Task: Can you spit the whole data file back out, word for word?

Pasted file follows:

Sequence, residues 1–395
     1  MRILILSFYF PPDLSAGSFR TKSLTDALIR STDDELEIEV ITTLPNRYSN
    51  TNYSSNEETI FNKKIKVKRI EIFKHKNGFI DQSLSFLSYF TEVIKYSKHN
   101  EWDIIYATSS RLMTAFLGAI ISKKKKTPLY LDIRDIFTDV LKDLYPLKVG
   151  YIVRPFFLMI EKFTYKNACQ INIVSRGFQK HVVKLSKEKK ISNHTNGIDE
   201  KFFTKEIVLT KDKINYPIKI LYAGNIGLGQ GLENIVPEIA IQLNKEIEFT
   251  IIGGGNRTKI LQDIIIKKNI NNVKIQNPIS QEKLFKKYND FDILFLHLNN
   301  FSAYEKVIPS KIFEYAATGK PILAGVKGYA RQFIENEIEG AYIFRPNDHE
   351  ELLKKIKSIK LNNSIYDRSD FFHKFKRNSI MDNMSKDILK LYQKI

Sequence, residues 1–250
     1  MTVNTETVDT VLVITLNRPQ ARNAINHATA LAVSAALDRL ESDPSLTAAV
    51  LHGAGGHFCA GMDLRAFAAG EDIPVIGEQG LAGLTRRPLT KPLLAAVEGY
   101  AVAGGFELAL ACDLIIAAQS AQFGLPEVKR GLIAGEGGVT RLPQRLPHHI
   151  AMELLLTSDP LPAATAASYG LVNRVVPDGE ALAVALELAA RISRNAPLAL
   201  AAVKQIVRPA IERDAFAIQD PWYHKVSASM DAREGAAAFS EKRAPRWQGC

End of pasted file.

Sequence, residues 1–395
     1  MRILILSFYF PPDLSAGSFR TKSLTDALIR STDDELEIEV ITTLPNRYSN
    51  TNYSSNEETI FNKKIKVKRI EIFKHKNGFI DQSLSFLSYF TEVIKYSKHN
   101  EWDIIYATSS RLMTAFLGAI ISKKKKTPLY LDIRDIFTDV LKDLYPLKVG
   151  YIVRPFFLMI EKFTYKNACQ INIVSRGFQK HVVKLSKEKK ISNHTNGIDE
   201  KFFTKEIVLT KDKINYPIKI LYAGNIGLGQ GLENIVPEIA IQLNKEIEFT
   251  IIGGGNRTKI LQDIIIKKNI NNVKIQNPIS QEKLFKKYND FDILFLHLNN
   301  FSAYEKVIPS KIFEYAATGK PILAGVKGYA RQFIENEIEG AYIFRPNDHE
   351  ELLKKIKSIK LNNSIYDRSD FFHKFKRNSI MDNMSKDILK LYQKI

Sequence, residues 1–250
     1  MTVNTETVDT VLVITLNRPQ ARNAINHATA LAVSAALDRL ESDPSLTAAV
    51  LHGAGGHFCA GMDLRAFAAG EDIPVIGEQG LAGLTRRPLT KPLLAAVEGY
   101  AVAGGFELAL ACDLIIAAQS AQFGLPEVKR GLIAGEGGVT RLPQRLPHHI
   151  AMELLLTSDP LPAATAASYG LVNRVVPDGE ALAVALELAA RISRNAPLAL
   201  AAVKQIVRPA IERDAFAIQD PWYHKVSASM DAREGAAAFS EKRAPRWQGC